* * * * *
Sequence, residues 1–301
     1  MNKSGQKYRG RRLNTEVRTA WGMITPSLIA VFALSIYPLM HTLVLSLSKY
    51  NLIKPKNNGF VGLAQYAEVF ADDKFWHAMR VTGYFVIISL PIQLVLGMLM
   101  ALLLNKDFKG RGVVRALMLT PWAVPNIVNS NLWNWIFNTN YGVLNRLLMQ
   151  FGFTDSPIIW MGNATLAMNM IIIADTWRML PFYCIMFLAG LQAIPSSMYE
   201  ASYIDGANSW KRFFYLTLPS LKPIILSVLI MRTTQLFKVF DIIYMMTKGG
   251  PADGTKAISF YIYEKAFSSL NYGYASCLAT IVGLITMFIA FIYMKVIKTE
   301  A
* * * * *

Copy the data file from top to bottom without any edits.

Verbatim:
Sequence, residues 1–301
     1  MNKSGQKYRG RRLNTEVRTA WGMITPSLIA VFALSIYPLM HTLVLSLSKY
    51  NLIKPKNNGF VGLAQYAEVF ADDKFWHAMR VTGYFVIISL PIQLVLGMLM
   101  ALLLNKDFKG RGVVRALMLT PWAVPNIVNS NLWNWIFNTN YGVLNRLLMQ
   151  FGFTDSPIIW MGNATLAMNM IIIADTWRML PFYCIMFLAG LQAIPSSMYE
   201  ASYIDGANSW KRFFYLTLPS LKPIILSVLI MRTTQLFKVF DIIYMMTKGG
   251  PADGTKAISF YIYEKAFSSL NYGYASCLAT IVGLITMFIA FIYMKVIKTE
   301  A